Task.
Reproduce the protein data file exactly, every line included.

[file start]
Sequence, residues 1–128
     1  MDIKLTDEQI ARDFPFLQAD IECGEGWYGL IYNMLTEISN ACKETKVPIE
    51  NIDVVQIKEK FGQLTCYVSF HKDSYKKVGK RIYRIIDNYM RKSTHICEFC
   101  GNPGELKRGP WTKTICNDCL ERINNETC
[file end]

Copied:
Sequence, residues 1–128
     1  MDIKLTDEQI ARDFPFLQAD IECGEGWYGL IYNMLTEISN ACKETKVPIE
    51  NIDVVQIKEK FGQLTCYVSF HKDSYKKVGK RIYRIIDNYM RKSTHICEFC
   101  GNPGELKRGP WTKTICNDCL ERINNETC